Research & the ESSA Pt1: Are states ready?

Ever since President Obama signed the Every Student Succeeds Act (ESSA) into law last month, the education community has been trying to figure out what it all means. The ESSA is 391 pages long and touches on every conceivable aspect of K-12 public education, so the comprehension process is likely take months, if not years.
Of particular interest to AEM are the new federal standards for research quality. The ESSA calls for states to adopt only programs and interventions that are “evidenced based.” To determine what counts as evidence, the federal government offers guidelines with four tiers. “Strong” evidence comes from “a well-designed and -implemented experimental study, meaning a randomized controlled trial.” “Moderate” evidence can come from quasi-experimental studies that use student data and large N quantitative methods. “Promising” evidence includes correlational studies that control for differences between students who do and do not participate in the program/intervention. The fourth, lowest tier comes when “a state or provider can show that a program’s rationale is based on high-quality research.”
Longtime observers of federal education policy will note that the new standards are very different from those in place since No Child Left Behind (NCLB), in at least two key ways. NCLB required programs be supported by “scientifically-based research.” Relatively few programs and interventions ever offered proof of their effectiveness at NCLB’s high threshold. The ESSA allows states more leeway to accept less rigorous evidence in the hopes that they can consider a greater variety of solutions. As indicated, the ESSA also gives states the primary role of determining which research met those standards.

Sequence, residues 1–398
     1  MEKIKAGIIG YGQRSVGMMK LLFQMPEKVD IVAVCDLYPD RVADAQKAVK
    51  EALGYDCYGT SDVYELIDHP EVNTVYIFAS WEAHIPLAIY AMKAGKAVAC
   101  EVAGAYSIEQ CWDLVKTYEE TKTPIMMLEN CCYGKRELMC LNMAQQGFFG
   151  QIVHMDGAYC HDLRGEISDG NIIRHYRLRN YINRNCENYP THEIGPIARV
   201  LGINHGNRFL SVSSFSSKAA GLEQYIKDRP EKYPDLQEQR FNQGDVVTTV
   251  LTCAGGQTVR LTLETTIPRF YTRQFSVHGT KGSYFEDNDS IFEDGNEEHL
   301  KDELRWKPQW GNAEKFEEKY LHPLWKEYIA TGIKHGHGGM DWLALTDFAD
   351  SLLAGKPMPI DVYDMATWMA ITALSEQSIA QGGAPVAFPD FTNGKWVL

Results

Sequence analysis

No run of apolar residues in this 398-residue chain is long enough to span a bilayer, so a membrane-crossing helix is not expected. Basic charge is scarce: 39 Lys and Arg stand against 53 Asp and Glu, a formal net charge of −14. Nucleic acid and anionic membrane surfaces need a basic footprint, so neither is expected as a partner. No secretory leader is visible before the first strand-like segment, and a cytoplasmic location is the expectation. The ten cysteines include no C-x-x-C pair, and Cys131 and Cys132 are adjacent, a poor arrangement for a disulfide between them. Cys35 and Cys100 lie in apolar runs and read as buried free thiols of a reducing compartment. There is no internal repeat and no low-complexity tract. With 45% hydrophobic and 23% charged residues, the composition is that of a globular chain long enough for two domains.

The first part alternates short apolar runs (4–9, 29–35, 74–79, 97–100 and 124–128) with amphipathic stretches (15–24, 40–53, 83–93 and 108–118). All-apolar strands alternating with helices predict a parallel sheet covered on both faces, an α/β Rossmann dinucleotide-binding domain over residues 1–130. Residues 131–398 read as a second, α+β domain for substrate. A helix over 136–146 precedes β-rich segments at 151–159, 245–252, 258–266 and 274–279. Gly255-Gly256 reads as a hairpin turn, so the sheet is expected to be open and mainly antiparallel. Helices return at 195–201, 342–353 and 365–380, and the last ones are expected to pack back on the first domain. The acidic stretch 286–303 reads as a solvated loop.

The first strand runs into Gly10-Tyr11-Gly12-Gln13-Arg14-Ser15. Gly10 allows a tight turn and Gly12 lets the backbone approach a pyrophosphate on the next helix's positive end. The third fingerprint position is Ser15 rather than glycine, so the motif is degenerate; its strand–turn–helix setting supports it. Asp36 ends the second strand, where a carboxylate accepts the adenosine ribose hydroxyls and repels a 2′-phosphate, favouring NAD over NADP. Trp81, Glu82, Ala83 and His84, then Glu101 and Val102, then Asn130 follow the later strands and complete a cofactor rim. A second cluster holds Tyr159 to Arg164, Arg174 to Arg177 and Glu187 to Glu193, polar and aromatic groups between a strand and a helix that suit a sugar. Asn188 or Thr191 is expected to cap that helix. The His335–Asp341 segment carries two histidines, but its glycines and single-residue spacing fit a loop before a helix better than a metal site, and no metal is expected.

Can State DOEs handle it?
Whether states are prepared to assume responsibility for judging quality research is an open question. As EdWeek points out, since NCLB’s ratification many state Departments of Education (DOEs) have greatly increased their capacity to understand and even perform high-quality research, but that capacity still varies greatly from state to state. In order to adequately fill their new role, laggard states will need to make a serious push to hire qualified personnel.
Even DOEs with strong research capacity may fail to meet their new responsibilities. Currently, my research colleagues in DOEs spend most of their time on the crisis of the moment. High-ranking officials want fresh results for a public presentation at a moment’s notice. Ten schools scattered across the state cannot access their electronic standardized tests on test day. A superintendent does not know how to access or interpret her teacher evaluation ratings. In these and a million other scenarios, understaffed DOEs have made their researchers the first responders. If DOEs hope to meet ESSA’s expectation of them, they need to shift many of these responsibilities away from the research staff.
Good program evaluation takes time and serious effort. First, qualified researchers must help officials define a research question and design a study that can provide adequate answers. They must construct an adequate measuring instrument and oversee its administration to an entire state’s worth of children. They require weeks (minimum) worth of time to properly analyze results and prepare summaries for different audience. Properly evaluating the efficacy of even one large-scale state-level intervention could easily occupy most DOE research departments, at least at their current size, for an entire school year.
The Other Alternative
The authors of the ESSA may not intend for state DOEs to conduct all efficacy research themselves. Instead, they may intend DOEs to either outsource to third parties (ahem) or rely on research that vendors provide on their product. Later this week, I will discuss why the combination of private research efforts and the ESSA’s four-tiered system of evaluating rigor may lead to trouble.

Elizabeth Sobka